I'm Using Painting as Therapy to Treat My Seasonal Affective Disorder

I'm Using Painting as Therapy to Treat My Seasonal Affective Disorder

4e4647fded441f3f637627203692377839746ea0?w=240&h=240&fit=crop
Kenya Foy
Jan 7, 2017
(Image credit: Africa Studio/Shutterstock)

Kenya Foy is one of six people tracking their resolutions with Apartment Therapy in real time.

A few years ago, a particularly rough emotional patch forced me to face the fact that I become utterly depressed during the fall and winter seasons, a condition otherwise known as Seasonal Affective Disorder or SAD. Just like the rest of the 10 million Americans who suffer from SAD every year, my mental state doesn't give a crap about the cooler temps, the beauty of multi-hued foliage, or how I can finally flaunt that leather jacket I bought during an off-season sale. I'm a Texas girl whose heart sings during those hot, steamy summers that make other people miserable. Pit stains, sweat moustaches and humidity hair? Bring it. Facing yet another round of gloomy wintry weather? Do not want.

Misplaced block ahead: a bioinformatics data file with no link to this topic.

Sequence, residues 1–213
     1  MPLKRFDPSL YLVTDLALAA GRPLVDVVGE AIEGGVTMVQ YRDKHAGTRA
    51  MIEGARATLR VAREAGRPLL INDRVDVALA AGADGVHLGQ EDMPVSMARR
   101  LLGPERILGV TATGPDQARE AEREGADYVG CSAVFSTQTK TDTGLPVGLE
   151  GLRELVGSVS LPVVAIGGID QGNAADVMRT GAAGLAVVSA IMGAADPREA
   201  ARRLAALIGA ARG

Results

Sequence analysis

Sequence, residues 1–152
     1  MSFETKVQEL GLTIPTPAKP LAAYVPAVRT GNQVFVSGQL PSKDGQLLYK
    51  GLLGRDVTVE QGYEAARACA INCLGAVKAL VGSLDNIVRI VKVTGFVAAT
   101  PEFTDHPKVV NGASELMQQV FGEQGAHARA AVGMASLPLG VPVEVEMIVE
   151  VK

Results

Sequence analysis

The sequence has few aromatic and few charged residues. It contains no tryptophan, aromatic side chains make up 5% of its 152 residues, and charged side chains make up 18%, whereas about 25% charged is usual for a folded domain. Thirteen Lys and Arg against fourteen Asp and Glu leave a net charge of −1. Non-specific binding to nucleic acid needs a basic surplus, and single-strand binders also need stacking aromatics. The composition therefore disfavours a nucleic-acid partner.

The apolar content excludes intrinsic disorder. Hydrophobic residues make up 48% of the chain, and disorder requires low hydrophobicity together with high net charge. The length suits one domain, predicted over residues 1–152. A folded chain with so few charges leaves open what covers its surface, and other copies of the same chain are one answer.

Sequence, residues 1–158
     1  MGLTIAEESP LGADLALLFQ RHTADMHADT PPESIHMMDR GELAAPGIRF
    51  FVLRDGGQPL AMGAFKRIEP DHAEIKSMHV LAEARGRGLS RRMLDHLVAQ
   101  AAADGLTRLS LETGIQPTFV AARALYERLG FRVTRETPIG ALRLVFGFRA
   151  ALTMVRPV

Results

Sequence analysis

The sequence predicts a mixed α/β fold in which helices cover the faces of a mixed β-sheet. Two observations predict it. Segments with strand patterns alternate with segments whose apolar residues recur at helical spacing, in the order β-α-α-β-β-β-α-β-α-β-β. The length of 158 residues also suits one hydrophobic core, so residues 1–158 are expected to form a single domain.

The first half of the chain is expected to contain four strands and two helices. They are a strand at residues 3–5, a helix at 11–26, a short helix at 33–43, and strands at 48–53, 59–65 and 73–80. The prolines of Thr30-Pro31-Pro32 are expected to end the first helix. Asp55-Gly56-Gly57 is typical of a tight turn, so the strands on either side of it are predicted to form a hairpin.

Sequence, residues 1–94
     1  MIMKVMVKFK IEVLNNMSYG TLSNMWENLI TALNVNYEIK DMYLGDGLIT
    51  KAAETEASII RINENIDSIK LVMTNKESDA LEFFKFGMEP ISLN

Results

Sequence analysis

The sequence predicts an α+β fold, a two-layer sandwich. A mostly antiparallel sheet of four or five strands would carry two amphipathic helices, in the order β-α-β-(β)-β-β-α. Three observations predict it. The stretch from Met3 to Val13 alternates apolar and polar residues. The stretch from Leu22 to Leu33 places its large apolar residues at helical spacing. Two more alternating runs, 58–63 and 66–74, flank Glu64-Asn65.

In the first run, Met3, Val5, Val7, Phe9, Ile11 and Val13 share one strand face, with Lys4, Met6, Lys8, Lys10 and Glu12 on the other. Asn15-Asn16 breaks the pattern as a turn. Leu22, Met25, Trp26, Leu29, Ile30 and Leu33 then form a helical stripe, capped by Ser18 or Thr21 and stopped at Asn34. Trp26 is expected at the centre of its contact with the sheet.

The summer prep is simple enough for me: Drink water, apply sunscreen regularly, and avoid strenuous outdoor activity between noon and 3pm. But fall and winter are way more high-maintenance, and every year I have to think of new methods of coping with SAD for the times when my tried-and-true tools prove unsuccessful. So in the coming New Year, I am committed to trying to beat those winter blues off with a paint brush, starting in January 2017.

My History With Painting to Cope with SAD